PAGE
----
Cafcass’ role in care proceedings

If a local authority has serious concerns about the safety or welfare of a child, it can apply to the court to take the child into care.

The court will then usually request for Cafcass to become involved in the case. Cafcass’ job is to review the local authority’s plan and ensure that decisions are made in the child’s best interest.


Children’s Guardian


When working with children in respect of public law (care) proceedings, the Cafcass worker is known as a children’s guardian.

The guardian’s most important role is to make sure that local authority arrangements and decisions for and about children protect them, promote their welfare and are in their best interests.

In care proceedings, their job is to make independent enquiries and check the local authority’s care plan to ensure that it protects children, promotes their welfare and is in their best interests. This will include making sure that children are able to live with other family members or people connected to them or to be reunited with their parents if this can be made safe enough and is in their long-term best interest. It is also to let the court know what they think should happen.

  • What will the guardian do?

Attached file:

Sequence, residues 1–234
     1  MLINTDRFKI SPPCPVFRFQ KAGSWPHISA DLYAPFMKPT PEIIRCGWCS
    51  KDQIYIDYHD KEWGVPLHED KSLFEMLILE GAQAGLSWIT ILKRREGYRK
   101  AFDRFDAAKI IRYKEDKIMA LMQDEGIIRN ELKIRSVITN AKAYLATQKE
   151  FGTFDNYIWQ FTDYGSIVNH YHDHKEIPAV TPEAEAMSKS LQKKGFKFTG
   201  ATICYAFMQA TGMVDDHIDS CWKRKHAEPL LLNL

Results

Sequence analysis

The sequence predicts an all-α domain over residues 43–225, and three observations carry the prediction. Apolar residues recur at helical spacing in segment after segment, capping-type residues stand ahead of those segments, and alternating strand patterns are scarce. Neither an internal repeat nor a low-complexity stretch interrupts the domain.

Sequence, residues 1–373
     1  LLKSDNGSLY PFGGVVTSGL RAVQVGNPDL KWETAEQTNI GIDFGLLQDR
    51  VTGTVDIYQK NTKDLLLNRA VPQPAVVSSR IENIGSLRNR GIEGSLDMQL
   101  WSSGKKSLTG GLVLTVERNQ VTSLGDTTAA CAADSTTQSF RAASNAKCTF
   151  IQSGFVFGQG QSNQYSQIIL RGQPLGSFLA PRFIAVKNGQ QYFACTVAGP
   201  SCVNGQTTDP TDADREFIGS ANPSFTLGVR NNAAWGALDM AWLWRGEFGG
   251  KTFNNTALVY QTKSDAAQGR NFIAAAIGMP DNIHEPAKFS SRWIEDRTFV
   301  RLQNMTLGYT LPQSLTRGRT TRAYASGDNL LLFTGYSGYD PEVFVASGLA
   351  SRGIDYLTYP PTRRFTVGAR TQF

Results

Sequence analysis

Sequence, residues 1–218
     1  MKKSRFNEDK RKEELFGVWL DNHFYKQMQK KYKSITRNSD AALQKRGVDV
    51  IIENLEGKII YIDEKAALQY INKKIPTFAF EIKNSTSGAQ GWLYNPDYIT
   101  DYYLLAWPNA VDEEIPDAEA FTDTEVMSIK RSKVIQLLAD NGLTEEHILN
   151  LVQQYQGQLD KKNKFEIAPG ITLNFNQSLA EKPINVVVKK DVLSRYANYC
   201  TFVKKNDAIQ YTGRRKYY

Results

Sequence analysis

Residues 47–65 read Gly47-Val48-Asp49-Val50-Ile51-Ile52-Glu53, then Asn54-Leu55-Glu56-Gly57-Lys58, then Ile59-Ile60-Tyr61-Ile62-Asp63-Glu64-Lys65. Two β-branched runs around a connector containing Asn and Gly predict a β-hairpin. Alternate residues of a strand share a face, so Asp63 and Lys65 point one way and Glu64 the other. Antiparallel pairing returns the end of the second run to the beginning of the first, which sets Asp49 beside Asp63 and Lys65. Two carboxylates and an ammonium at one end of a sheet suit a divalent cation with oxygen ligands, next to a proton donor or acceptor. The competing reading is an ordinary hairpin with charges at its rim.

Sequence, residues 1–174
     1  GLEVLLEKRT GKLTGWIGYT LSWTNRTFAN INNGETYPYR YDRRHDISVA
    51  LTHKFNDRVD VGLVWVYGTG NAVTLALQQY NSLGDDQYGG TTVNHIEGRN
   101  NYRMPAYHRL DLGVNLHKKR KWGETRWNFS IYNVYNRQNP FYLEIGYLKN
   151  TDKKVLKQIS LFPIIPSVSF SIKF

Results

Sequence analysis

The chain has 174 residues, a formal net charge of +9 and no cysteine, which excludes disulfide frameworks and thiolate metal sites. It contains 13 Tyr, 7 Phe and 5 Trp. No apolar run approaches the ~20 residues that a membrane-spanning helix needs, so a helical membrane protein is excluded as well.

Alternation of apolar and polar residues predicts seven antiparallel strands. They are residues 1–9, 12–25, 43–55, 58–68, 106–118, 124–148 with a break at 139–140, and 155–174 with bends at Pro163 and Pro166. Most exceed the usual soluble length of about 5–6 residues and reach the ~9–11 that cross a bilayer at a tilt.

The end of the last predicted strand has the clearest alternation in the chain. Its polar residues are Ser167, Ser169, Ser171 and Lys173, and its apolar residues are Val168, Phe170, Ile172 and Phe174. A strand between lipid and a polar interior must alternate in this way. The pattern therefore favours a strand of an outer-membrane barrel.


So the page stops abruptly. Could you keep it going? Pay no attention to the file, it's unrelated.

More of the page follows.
The guardian will:

    • appoint a solicitor to represent your child;
    • advise the court, at the first court hearing, on the work that needs to be done before it can make a decision about your child’s future and whether other independent professionals may help the court with advice, e.g. a doctor or psychologist;
    • talk to your child to find out their wishes and feelings (where they are able to share this), and tell the court during the case what they think is best for your child, including their stated wishes and feelings.


    From the start, they will be analysing the local authority assessment and care plan to make sure it is right for your child. If they disagree, they will propose an alternative.

  • Who will the Cafcass guardian speak to?

    The guardian will talk to you and may talk to other people who know your family, such as teachers, social workers and health visitors. This may include attending meetings about your child and reading Local Authority files and documents.

  • What will happen in the end?

    It is the court’s job to decide what will happen to your child and the judge will listen to everyone involved in the case including you, your solicitor, the local authority social worker and the guardian before making a decision.

    The guardian’s role is to recommend what he or she thinks is best for your child based on their assessment.

    If the judge is satisfied that it is safe to do so, children will go back home. For others, the local authority will find them a new home. That may be with other members of their family or with friends, or it may be with a new family.

    Throughout the whole process the guardian will try to answer any questions you may have about the case, although they cannot give you legal advice. You have a right, free of charge, to get specialist legal advice through a solicitor.

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